Why did you choose this particular group (people with urothelial carcinoma) for the current study?

Protagen’s Cancer Immunotherapy Array was compiled to enable the analysis of a broad range of cancer indications. While we have already demonstrated its potential in malignant melanoma and prostate cancer patients, our next step is to explore other indications where cancer immunotherapies have been successful, but also face significant response and toxicity challenges.

Urothelial cancer is the most common form of bladder cancer, with around 81,000 new diagnoses expected during 2018 in the US alone, according to the American Cancer Society. In urothelial carcinoma especially, checkpoint inhibitor therapies can be successful in a subset of patients, however other subsets suffer from irAEs. 

Protagen and our collaborators at the NCT Heidelberg, led by Prof. Grüllich, are working to understand better which patients with urothelial carcinoma are likely to respond to treatment and/or suffer from irAEs. The Cancer Immunotherapy Array will enable us to establish an immune-profile for each patient so we can assess their immuno-competence and help the team at the NCT Heidelberg treat their cancer more effectively. Our most recent phase of collaboration focusing on patients with urothelial carcinoma will study an extra, commercially available check-point inhibitor, in addition to the four we have already studied in different settings. This will involve implementing our cancer immunotherapy array to provide autoantibody data on 850 antigens.

What information is currently used to predict which patients are likely to a) respond well to checkpoint inhibitor therapy and b) which patients are likely to experience immune-related adverse events?

To date, predicting treatment response for patients undergoing checkpoint inhibitor therapy has been largely limited to tumor-cell PD-L1 expression and/or tumor mutational burden assessment. Despite some promising data, these approaches have proven insufficient in the majority of indications, however, and are constrained in their practical application because tumor excision and/or biopsy is required. Historically, the field of irAE prediction has been largely neglected, but its importance is gaining recognition as the development of cancer immuno-herapies increasingly focuses on earlier stage cancer patients and irAEs become a growing concern for regulatory bodies.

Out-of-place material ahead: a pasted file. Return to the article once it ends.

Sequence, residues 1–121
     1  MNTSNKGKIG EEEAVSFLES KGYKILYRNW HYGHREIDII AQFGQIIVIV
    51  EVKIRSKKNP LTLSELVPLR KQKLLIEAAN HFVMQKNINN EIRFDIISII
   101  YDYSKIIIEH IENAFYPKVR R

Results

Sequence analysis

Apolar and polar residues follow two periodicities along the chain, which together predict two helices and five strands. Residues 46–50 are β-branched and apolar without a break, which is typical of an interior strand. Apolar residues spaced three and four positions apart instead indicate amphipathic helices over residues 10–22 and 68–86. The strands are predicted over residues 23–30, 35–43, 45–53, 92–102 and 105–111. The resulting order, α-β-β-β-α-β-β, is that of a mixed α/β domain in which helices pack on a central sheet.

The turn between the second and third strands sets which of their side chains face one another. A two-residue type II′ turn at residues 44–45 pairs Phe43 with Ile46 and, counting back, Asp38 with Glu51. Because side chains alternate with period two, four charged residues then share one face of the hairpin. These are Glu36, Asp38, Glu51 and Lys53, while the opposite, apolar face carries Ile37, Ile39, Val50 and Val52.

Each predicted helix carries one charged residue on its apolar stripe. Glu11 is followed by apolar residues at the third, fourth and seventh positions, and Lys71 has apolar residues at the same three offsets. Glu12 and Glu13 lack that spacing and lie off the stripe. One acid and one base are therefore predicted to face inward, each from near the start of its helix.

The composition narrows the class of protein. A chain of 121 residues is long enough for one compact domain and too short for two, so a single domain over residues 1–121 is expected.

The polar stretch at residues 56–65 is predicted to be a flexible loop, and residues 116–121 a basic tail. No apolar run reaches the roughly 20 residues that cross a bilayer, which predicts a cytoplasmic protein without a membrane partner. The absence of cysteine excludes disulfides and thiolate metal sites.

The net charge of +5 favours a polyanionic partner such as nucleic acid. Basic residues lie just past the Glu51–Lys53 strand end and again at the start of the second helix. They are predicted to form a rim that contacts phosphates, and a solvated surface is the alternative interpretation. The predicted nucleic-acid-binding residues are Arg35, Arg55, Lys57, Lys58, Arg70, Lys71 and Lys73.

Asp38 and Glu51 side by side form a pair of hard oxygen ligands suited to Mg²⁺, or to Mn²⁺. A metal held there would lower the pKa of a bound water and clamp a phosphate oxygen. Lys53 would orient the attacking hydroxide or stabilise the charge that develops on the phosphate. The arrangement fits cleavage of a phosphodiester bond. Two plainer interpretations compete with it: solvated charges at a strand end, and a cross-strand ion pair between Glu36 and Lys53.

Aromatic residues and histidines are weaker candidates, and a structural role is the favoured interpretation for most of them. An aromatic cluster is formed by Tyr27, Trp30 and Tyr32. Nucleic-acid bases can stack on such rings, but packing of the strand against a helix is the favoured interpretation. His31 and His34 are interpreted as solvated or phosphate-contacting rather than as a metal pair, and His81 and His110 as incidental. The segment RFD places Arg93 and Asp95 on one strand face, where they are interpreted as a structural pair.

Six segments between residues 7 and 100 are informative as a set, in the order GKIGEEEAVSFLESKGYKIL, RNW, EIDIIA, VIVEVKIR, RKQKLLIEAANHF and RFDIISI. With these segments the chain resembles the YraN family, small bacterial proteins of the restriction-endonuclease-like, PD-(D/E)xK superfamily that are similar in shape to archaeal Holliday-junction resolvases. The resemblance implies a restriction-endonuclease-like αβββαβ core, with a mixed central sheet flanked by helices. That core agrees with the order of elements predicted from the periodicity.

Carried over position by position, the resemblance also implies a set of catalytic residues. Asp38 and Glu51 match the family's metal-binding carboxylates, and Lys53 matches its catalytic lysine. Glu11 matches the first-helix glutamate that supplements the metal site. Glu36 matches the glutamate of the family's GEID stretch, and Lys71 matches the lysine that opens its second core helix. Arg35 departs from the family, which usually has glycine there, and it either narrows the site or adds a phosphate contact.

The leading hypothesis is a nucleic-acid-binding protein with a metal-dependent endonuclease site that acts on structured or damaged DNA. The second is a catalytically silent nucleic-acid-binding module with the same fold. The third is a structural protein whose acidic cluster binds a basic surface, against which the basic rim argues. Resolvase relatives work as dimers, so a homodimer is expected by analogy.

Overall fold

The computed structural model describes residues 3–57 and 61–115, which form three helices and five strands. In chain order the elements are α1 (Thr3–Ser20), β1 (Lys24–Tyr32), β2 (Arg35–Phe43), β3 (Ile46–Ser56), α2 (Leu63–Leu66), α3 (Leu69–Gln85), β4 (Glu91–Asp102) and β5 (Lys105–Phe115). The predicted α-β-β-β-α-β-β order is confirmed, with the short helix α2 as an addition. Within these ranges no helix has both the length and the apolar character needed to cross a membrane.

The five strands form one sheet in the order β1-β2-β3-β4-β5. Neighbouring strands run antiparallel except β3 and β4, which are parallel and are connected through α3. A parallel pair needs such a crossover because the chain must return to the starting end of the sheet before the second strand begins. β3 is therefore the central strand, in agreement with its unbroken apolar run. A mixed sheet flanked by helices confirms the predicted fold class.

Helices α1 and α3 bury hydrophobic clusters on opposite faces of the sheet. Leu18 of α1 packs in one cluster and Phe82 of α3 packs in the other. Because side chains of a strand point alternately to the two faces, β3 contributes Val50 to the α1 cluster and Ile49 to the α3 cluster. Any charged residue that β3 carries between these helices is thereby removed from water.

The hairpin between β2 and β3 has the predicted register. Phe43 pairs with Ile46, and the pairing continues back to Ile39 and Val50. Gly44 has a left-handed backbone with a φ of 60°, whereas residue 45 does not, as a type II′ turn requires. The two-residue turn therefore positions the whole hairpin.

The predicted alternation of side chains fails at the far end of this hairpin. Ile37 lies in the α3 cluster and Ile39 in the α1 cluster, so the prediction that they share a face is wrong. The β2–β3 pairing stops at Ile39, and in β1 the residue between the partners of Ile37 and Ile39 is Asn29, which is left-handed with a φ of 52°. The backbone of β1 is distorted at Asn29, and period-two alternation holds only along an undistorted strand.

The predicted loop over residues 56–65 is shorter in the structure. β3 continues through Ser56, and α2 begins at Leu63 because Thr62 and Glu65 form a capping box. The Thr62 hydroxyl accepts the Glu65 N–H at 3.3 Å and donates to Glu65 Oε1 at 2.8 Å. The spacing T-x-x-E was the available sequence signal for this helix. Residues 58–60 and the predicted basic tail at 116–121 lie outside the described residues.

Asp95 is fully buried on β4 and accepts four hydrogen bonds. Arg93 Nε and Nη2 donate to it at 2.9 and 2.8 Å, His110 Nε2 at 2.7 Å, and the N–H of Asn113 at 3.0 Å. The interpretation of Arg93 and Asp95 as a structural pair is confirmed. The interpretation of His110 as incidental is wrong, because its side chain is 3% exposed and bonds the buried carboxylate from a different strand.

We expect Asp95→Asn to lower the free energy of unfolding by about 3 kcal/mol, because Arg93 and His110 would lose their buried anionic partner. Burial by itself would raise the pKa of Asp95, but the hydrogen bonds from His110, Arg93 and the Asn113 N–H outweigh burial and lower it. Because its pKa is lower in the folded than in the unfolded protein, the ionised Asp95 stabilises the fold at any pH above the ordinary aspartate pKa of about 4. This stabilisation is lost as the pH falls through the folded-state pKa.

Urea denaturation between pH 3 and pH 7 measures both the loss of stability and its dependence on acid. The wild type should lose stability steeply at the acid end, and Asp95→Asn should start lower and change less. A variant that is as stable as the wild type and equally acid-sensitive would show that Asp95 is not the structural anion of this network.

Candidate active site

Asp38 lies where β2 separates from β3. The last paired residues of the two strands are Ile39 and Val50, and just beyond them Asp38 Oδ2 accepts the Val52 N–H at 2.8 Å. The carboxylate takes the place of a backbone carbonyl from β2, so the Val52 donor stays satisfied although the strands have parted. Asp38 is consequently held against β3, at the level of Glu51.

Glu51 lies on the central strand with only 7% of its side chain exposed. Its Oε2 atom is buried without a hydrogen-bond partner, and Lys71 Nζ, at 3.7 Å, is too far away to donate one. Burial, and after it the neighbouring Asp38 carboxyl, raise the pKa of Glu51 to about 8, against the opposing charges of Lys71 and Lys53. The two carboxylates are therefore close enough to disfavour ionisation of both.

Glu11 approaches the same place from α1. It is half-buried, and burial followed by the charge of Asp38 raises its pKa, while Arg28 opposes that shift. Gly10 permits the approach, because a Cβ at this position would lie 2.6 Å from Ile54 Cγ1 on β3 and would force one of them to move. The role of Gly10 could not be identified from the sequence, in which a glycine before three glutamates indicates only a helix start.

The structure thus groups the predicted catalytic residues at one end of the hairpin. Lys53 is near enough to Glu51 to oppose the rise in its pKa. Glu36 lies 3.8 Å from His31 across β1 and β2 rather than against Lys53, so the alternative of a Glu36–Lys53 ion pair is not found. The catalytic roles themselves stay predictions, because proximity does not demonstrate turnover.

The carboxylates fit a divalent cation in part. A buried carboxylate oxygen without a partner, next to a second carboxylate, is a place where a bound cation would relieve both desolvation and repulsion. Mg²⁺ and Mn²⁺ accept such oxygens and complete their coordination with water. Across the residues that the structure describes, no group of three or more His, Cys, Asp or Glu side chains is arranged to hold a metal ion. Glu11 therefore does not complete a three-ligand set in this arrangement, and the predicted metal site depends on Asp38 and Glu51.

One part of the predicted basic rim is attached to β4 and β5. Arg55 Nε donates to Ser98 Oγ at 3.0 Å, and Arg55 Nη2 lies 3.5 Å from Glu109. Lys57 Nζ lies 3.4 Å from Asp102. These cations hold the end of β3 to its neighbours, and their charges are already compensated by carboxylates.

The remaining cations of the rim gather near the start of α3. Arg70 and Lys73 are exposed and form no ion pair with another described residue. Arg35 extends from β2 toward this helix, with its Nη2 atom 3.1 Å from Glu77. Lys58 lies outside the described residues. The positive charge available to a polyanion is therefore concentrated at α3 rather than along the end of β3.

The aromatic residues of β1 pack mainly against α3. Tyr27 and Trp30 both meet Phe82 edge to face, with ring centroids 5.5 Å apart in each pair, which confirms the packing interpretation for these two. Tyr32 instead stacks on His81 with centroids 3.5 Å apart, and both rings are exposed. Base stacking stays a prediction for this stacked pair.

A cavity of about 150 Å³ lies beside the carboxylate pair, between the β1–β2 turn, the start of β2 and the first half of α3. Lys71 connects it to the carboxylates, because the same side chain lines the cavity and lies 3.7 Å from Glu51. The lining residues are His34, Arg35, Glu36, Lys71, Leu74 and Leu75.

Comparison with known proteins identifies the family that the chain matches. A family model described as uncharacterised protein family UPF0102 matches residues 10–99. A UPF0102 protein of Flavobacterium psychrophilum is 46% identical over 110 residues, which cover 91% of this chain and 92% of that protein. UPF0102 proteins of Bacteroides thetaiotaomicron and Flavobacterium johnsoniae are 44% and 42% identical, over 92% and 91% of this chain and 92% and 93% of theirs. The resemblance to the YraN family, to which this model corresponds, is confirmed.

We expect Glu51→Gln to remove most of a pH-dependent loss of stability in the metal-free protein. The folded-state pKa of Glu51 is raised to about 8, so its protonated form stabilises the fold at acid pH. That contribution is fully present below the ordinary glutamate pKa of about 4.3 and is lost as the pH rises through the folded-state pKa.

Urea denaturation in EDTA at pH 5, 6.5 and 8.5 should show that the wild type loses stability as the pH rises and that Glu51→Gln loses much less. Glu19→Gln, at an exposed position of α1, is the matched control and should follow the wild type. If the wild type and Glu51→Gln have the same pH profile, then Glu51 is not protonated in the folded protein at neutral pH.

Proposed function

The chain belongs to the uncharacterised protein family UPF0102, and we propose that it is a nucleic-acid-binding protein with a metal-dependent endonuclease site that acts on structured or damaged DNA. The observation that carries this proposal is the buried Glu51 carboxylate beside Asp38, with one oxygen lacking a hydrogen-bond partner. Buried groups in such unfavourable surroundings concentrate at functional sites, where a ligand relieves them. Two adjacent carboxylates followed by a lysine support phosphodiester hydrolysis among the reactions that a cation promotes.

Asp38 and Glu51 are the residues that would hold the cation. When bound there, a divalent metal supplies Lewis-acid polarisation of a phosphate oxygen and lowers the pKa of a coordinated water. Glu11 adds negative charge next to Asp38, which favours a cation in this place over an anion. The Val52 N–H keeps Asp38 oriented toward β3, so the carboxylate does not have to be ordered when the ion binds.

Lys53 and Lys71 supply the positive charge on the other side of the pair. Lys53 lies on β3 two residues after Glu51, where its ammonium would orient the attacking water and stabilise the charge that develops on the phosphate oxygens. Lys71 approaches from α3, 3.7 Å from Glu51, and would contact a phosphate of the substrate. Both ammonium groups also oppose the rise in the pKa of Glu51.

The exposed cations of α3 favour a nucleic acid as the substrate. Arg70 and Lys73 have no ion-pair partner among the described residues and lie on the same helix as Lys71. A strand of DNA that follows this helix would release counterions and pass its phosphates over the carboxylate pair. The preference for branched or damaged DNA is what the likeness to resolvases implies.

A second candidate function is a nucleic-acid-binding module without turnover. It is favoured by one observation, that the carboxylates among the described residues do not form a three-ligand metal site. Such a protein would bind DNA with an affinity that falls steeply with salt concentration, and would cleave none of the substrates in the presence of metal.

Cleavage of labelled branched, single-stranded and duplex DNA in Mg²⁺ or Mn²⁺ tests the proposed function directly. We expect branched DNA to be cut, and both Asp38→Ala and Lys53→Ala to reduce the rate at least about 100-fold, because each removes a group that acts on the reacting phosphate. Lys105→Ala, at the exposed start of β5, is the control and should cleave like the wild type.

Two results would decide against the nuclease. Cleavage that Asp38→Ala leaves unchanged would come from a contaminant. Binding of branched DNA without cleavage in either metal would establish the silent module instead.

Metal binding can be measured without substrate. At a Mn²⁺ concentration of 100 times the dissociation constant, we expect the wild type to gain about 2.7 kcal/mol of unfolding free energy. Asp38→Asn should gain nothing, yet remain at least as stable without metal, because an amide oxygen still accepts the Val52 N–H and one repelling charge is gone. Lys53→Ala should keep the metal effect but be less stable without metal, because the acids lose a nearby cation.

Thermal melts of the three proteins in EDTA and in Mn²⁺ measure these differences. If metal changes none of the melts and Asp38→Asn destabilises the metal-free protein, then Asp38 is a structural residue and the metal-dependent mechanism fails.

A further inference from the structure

For this reason, Protagen’s Cancer Immunotherapy Array has been designed to predict both the onset of irAEs and overall survival by screening for autoantibodies using a single drop of patient blood, which also enables repeated testing not just before the onset of therapy but also monitoring of patients during treatment.

How do you plan to assess the suitability of this array for predicting immunotherapy response?

Protagen is privileged to be able to assess the suitability of our Cancer Immunotherapy Array technology for predicting immunotherapy response across different cancer indications as part of an international program of collaborative studies with experts from the NCI, NCT, Gustave Roussy, UCSF, and the NEC Laboratories Europe, amongst others.

Due to these collaborations involving significant patient cohorts across various indications treated with different immunotherapies, we can provide a broad overview of patient profiles to understand what differentiates a good from a bad responder and/or a patient likely to experience an irAE from one that will not suffer from an irAE.

What would an ‘immune profile’ look like, and what information could be extracted from it?

Protagen is developing autoantibody-based biomarker panels, so called signatures, which will be indication specific and also offer mode-of-action specific biomarkers. Thus, the analysis of a set of autoantibodies will support clinical decision-making by providing insight into a patient’s immuno-competence. This information will inform healthcare professionals about how likely it is that a patient will respond favourably to a specific treatment or will suffer from an irAE while receiving such treatment.

Ultimately, we are addressing two main challenges with autoantibodies in immuno-oncology: response prediction and irAE prediction. We are exploring these challenges across different indications, such as melanoma and urothelial carcinoma to name but two, and with different immunotherapies, with a strong focus on checkpoint inhibitors. For each of these areas of interest, only a small set of biomarkers or autoantibodies are likely to be relevant and for some aspects these markers may be overlapping.

Dr. Georg Lautscham was speaking with Dr. Michele Wilson, Science Writer for Technology Networks.